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Consent in marriage is like drinking my morning tea

As we celebrate the recent verdict expanding the scope of the Medical Termination of Pregnancy Act, our anxiety about the appeal of the Delhi High Court’s split in the marital rape case, pending in the Supreme Court, is crippling.


EVERY morning, I take immense pleasure in drinking a cup of milk tea. Yet, I might just wake up tomorrow and prefer coffee instead. I might stop liking tea altogether. In the backdrop of marital rape precedents, I wonder: would the Indian judiciary force me to keep drinking tea eternally because I drink it today? After all, consent is very much like my morning tea. 

On  September 29,  the Indian judiciary passed a judgment that marks a historical feat. In the case of X v Principal Secretary, Health and Family Welfare Department, Govt. of NCT Delhi, the Supreme Court clarified the ambit of the term ‘rape’ in Rule 3B of the Medical Termination of Pregnancy (MTP) Act, 1971, which specifies the category of women eligible for medical abortion for up to 24 weeks—the normal period of accessing free abortion being 20 weeks. The Court said that the word ‘rape’ in Rule 3B of the MTP Act also includes marital rape. 

The meaning of the word ‘rape’ is sexual intercourse with a person without their consent, regardless of matrimonial context”, the Supreme Court held.

The Court finally recognised that married women can also be rape and sexual assault victims. The recognition that consent is unaffected by the institution of marriage is what makes this judgment so historic. After all, a woman does not implicitly and perpetually consent to sexual intercourse by consenting to marriage: a distinction that the precedents willfully ignored. The judgment also recognised violence in interpersonal relationships. This is also a recognition of the feminist rejection of the personal and public divide: the hypocrisy that rape in public spaces is condemned and accepted in private. 

The existing law is Exception 2 of Section 375 of the Indian Penal Code, 1860, which provides that intercourse with a wife is not rape if the woman is over 15 years of age. However, the case of Independent Thought v UOI, 2017, increased the threshold of age to 18 years of age to harmonize with the POCSO Act. 

The progressive character of this judgment is quite evident. The judgment said that ‘women’ in the Act include those beyond the category of cis-gender women and also made unmarried women the beneficiary of medical abortion up to 24 weeks. The court also clarifies that simply the allegation of — marital— rape is enough for any woman to become a beneficiary. Lodging an FIR or starting a proceeding is not necessary to avail abortion in marital rape cases.

Yet, let us not be quick to celebrate. The Court itself recognizes that this judgment neither strikes down Exception 2 nor holds it unconstitutional. It simply directs a reading of the term ‘sexual assault and ‘rape’ in the MTP Act and rules under the same as inclusive of marital rape.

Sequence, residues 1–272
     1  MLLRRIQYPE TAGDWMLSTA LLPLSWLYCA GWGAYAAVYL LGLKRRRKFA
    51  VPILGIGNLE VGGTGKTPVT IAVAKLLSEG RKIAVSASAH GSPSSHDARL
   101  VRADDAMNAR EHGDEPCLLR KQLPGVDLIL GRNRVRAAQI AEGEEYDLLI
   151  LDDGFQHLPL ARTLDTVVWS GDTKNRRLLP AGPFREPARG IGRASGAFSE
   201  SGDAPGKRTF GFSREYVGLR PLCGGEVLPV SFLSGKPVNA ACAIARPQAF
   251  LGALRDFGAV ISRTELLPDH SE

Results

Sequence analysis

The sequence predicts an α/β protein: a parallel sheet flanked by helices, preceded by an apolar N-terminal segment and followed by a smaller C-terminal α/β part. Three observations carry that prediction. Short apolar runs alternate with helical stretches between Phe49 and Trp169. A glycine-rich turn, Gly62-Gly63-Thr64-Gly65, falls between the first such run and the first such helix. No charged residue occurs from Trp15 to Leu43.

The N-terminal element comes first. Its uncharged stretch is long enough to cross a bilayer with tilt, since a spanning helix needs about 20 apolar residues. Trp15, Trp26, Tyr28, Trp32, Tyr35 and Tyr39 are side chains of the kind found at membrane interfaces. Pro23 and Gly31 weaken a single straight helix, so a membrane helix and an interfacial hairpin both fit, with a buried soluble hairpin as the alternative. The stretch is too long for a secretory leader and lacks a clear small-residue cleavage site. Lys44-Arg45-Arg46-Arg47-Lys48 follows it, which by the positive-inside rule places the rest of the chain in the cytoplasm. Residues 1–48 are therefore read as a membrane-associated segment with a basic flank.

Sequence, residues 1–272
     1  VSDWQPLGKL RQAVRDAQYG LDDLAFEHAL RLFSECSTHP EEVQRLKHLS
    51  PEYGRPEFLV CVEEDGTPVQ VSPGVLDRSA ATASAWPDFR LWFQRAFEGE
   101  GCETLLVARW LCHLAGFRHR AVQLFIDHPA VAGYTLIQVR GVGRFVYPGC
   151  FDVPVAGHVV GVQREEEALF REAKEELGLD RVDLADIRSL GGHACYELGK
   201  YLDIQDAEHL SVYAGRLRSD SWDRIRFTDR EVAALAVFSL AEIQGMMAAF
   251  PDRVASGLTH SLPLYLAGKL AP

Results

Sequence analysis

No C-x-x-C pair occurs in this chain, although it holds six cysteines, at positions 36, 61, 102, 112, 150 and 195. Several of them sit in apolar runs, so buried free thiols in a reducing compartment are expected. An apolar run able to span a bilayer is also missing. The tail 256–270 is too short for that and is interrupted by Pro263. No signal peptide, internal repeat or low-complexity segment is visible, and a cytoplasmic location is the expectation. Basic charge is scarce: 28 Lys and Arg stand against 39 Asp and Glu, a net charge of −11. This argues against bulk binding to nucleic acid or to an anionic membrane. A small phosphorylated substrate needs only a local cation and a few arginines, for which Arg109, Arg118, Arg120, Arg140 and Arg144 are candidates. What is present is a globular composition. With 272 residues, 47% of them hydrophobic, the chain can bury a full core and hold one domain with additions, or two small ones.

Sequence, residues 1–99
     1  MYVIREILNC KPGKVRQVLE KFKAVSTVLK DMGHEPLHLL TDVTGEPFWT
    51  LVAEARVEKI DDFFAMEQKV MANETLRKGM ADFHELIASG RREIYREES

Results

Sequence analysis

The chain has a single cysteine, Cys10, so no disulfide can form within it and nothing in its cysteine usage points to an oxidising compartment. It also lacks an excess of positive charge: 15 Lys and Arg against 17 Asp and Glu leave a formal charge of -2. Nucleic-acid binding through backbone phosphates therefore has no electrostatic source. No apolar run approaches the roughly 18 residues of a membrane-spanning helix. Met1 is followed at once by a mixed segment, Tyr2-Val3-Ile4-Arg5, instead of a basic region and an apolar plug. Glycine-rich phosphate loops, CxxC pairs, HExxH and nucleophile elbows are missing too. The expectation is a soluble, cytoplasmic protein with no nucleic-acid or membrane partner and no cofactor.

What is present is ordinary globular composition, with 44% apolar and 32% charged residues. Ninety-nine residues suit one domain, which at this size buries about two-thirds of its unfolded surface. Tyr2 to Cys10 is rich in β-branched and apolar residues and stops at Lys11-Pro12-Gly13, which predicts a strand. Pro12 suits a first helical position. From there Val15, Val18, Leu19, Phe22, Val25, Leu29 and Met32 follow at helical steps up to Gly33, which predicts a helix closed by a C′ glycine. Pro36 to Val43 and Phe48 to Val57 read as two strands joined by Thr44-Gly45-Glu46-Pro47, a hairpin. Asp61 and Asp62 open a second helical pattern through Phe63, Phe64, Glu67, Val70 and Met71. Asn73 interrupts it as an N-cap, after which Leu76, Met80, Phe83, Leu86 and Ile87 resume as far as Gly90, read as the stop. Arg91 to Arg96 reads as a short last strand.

This judgment comes after RIT Foundation v UOI, the split judgment of the Delhi High Court on  May 11. In a two-judge bench, the issue raised by four petitions was whether Exception 2 to Section 375 is ultra vires Article 14, 15, 19 (1)(a), and 21 of the Constitution. While Justice Rajiv Shakdher struck down Exception 2 as ultra vires, Justice C.Hari Shankar upheld it as valid. 

Exception 2 violates Article 14. The Navtej Singh Johar case laid down the two requirements for any reasonable classification under Article 14. First, there is no intelligible differentia among rape victims on the basis of their marital status. In fact, by creating such categories, the court might be defining what ‘real rape’ is. Secondly, the marital classification lacks any rational nexus with meeting the objective of the statute which is to protect women from rape. 

Justice Hari Shankar justifies the differentia by saying that marriage is the most pristine and sacred institution that forms the bedrock of the society where ‘rape’ is simply unfathomable. But the judgment falters because the utopia is a reality for a handful. Marriage is also often an institution of violence, silencing, and patriarchy. For those who are raped in such an institution, the classification is anything but reasonable.

Further, his judgment buds from the Hale dicta based on the English Doctrine of Coverture. Lord Hale infamously said that the wife irrevocably consents to submit to her husband upon the contract of marriage. Thus, their marital rape ceases to exist. More than two centuries later the ghost of Hale still haunts us. But consent is never absolute nor eternal. Consent might have been wholly absent in the Indian reality of arranged marriages. 

The judicial strike down of Exception 2 was contended as infringing upon the doctrine of separation of power. The court cannot create a new offence; only the democratically elected legislature can. But the court would not be creating a new offence: it would simply strike down an exception to an existing offence, creating a new class of offenders: husbands. 

Another interesting contention was the difficulty in finding evidence of consent in marital rape. The court, however; has to filter the ‘grain from the chaff’ — seek truth— in every case of sexual violence. This is insufficient to prevent the statutory acknowledgment of marital rape.  

The dissent costs us the criminalisation of marital rape. Today, as we celebrate the new MTP verdict, our anxiety about the appeal of the split pending in the Supreme Court is still crippling.